Well, except when he rejected me twice.
“Anyway,” Betty says, “I’ll see you tomorrow. The usual Santa will be back and he’s a nice guy too. A lot of fun. So it’ll be fine.”
I nod, knowing there’s no way I’ll like the new Santa as much as I like Dean. But whatever. It’s over. I’ll probably never see him again.
After I leave Betty, I head toward the food court on my way to the parking lot. I already got lunch here, so I better just eat dinner at home. I don’t have enough money to have two meals outside in one day. Spaghetti is cheap and easy.
Except there’s a big commotion in front of the food court.
I admit it—I’m the kind of person who stops to look when there’s a big crowd of people. Life is boring. Anything attracting a crowd that size has got to be exciting. I wander over to the edge of the crowd and tap a woman on the shoulder.
“What’s going on?” I ask her.
The woman’s eyes are wide with excitement. “Some man started beating up on this guy in a wheelchair!”
Seriously? Whoa. Let it never be said nothing interesting ever happens at the local mall.
Actually, this is a good opportunity for me. I may not be a full-fledged lawyer yet, but maybe I can talk to the victim and offer him some free legal advice. It would be a good opportunity for me to both practice my legal skills and do a good deed for the holidays.
I gently squeeze into the crowd of people, trying to get closer to the front. I wonder if it would help or hurt if I say I have legal experience. Probably hurt—I don’t want them to think I’m an ambulance-chaser. Better keep my mouth shut.
When I get to the front of the crowd, I see two security guards in uniform. There’s a wheelchair toppled on the floor, but I don’t see the occupant of the chair anywhere. What I do see though, to my horror, is Dean. Sitting on the floor, cradling his face, talking to one of the security guards.
Oh my God. Is Dean the man who beat up the guy in the wheelchair?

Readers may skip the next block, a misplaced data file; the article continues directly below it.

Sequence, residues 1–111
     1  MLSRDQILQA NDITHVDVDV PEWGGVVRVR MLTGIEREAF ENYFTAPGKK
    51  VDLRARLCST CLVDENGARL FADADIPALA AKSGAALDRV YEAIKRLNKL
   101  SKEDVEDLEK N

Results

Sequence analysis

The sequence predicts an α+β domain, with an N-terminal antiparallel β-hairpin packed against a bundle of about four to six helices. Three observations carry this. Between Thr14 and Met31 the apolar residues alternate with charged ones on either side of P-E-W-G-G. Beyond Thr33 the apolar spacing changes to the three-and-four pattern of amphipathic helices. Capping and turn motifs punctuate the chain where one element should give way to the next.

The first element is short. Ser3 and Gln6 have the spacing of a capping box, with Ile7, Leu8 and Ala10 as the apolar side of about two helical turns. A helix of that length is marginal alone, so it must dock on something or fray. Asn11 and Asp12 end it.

He wouldn’t do something like that. Would he? I mean, I don’t really know the guy. I only just met him this morning. And Betty said he’s got issues I don’t know about. Is one of those issues anger management problems?
But that doesn’t make sense. I mean, he had plenty of opportunities to lose his temper this morning. At one point, a little girl got a lollipop stuck to his beard. I can’t even imagine how many kids stepped on his feet. He never lost his temper. Never even came close.
What happened here?
I start to say something, to make my presence known. But before I can, the security guard leans over Dean, grabs him behind his arms and behind his knees, and puts him in the now upright wheelchair.
Oh. My. God.
Dean is the guy in the wheelchair.
What did Betty tell me? There’s stuff you don’t know about him. Yeah, no kidding. It all makes sense now. Why he never stood up and stretched during our breaks. Why he wanted to spend his lunch in Santa’s cottage. Why he refused all my invitations even though I was certain he was flirting with me, wasn’t gay, and didn’t have a girlfriend.
He didn’t want me to know.
And now I see the other guy being cornered by a security guard is the father of that boy Joey who wanted the science kit. That was the guy who was fighting with Dean? What happened? I can see Dean telling the security guard something in a low voice, and the man screams at him, “You’re a goddamn liar!”
And then one of the guards is leading the kid away.
Dean looks up at the crowd, glaring at us—rightfully so. His left cheekbone is very red, on the verge of bruising, but he doesn’t seem bothered by it. Then his eyes fall on mine and all the color goes out of his face.
“Callie,” he gasps.
To be continued.....